Grab the walking shoes and plan to stomp the cement runway like the fundraising models all Houstonians have inside of them for AIDS Foundation Houston's 30th AIDS Walk on Sunday, March 3 at Sam Houston Park. This rain-or-shine event starts with a registration at noon, a 3K-long walk at 1 p.m., and a post-walk festival featuring free HIV and syphilis testing and resources for people interested in STD prevention options.
"For us, AIDS Foundation Houston has been around since the beginning of the epidemic. Who would have known 30 years ago that AIDS would still be a problem for many communities, but the treatment and tools we have available for HIV are completely different with innovation, research, science and advocacy," said Interim CEO for AIDS Foundation Houston Nike Blue.
Blue's statement sums up the purpose of the walk. Beyond supporting AIDS Foundation Houston, the monies raised go to 12 additional AIDS Serving organizations across the city. The funds help to support critical resources like medical care, testing and prevention.
This is crucial, especially in Houston, since 52 percent of all U.S. deaths attributed to HIV/AIDS occur in the South and the 10 metropolitan areas with the highest rate of new HIV transmissions are in the South, according to data collected from the Centers for Disease Control and Prevention, the Southern AIDS Strategy Initiative and the World Health Organization.
Yet, hope is not lost in the battle. Last year, the organization raised more than $300,000 to provide much-needed health services to the Greater Houston Area, and this year, it hopes to meet or beat that number.
When looking at so many years of working in the world of HIV/AIDS, one can't help but note the changes in treatment, education and stigma surrounding the disease. Blue says the two biggest recent evolutions in handling the epidemic are PrEP and the U=U scientific findings.
The Centers for Disease Control describes PrEP as such: Pre-exposure prophylaxis (or PrEP) is when people at very high risk for HIV take HIV medicines daily to lower their chances of getting infected. PrEP can stop HIV from taking hold and spreading throughout your body. It is highly effective for preventing HIV if used as prescribed, but it is much less effective when not taken consistently. Daily PrEP reduces the risk of getting HIV from sex by more than 90 percent. Among people who inject drugs, it reduces the risk by more than 70 percent. Your risk of getting HIV from sex can be even lower if you combine PrEP with condoms and other prevention methods.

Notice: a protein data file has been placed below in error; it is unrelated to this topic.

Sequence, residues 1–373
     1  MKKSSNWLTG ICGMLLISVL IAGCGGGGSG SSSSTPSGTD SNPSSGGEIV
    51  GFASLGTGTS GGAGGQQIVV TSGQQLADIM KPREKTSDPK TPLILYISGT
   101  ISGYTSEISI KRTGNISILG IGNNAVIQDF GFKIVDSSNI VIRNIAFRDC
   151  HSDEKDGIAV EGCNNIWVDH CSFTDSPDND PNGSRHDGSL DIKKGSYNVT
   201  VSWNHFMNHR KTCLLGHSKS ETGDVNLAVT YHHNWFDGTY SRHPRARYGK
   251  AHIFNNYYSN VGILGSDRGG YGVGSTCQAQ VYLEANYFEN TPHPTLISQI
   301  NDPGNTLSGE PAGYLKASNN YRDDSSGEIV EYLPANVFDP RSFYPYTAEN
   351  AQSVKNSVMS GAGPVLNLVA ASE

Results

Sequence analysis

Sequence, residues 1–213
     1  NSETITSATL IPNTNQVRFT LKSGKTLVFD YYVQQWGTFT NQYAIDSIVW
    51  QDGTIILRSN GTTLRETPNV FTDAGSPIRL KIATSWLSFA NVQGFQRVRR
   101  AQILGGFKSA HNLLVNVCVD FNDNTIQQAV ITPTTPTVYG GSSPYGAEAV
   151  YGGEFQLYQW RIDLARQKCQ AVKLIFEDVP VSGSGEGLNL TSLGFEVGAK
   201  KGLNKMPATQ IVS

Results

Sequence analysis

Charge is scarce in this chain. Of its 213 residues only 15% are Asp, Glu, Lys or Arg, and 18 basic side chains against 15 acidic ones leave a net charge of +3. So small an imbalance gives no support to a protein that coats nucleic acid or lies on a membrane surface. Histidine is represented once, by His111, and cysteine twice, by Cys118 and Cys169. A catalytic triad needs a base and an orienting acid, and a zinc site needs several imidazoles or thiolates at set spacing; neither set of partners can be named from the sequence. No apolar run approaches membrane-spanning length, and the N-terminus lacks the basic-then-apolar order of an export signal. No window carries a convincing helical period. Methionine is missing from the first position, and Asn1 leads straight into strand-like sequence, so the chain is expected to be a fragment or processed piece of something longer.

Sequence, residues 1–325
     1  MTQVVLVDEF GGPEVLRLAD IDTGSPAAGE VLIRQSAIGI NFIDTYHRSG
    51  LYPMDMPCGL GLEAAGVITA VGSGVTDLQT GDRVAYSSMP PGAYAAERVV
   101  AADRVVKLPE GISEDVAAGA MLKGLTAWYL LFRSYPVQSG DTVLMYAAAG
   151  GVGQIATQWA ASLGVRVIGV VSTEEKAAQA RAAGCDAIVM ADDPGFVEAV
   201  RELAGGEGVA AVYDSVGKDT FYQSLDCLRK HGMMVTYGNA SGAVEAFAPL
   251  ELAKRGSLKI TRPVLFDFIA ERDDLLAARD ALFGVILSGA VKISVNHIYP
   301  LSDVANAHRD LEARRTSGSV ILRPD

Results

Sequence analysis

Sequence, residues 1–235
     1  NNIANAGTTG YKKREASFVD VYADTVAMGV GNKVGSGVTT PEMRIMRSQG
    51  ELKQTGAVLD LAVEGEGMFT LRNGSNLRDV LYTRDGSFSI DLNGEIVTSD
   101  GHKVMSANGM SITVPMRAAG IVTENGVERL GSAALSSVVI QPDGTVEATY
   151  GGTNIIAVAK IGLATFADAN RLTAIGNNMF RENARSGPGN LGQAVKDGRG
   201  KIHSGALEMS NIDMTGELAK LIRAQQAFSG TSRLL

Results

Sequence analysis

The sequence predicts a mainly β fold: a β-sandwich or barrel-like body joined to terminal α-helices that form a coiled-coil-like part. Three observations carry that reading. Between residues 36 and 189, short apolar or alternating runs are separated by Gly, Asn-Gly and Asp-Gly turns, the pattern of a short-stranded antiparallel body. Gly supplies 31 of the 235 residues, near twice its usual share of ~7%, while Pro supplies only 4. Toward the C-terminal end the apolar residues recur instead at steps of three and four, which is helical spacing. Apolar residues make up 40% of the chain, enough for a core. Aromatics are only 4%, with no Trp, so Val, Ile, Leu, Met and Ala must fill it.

U=U stands for Undetectable = Untransmittable. We'll let a statement from the U.S. Department of Veterans Affairs explain this one.
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It says: A substantial body of scientific evidence shows that sustained suppression of HIV RNA, defined as less than 200 copies/mL, prevents HIV transmission. Most notable are three studies of serodifferent couples, those in which one partner is HIV-positive and the other HIV-negative. In these studies, there were zero HIV transmissions from an HIV-positive partner who had HIV suppression on antiretroviral therapy to an HIV-negative sex partner. Two of these studies included substantial numbers of men who have sex with men, and couples who did not use condoms; these couples had about 75,000 episodes of condom-less (and PrEP-less) sex acts with no HIV transmissions.
"In recent years, what has come to light for HIV in terms of barriers is that it’s no longer a death sentence, but for some communities HIV is still an epidemic. People are still getting the disease and not getting access to care and dying prematurely. We use AIDS Walk to get the community out, to encourage people to start having conversations they might not have had, and connect to resources, because there's hope out there," she said.
If that's not reason enough to walk (or make a donation, or start talking with loved ones about the epidemic, or stop shaming HIV), I don't know what is.
The 30th annual AIDS Walk Houston takes place starting at noon on Sunday at Sam Houston Park, 1000 Bagby Street. For more information, visit aidshelp.org. Participation is free, and donations may be made online or in person at the walk.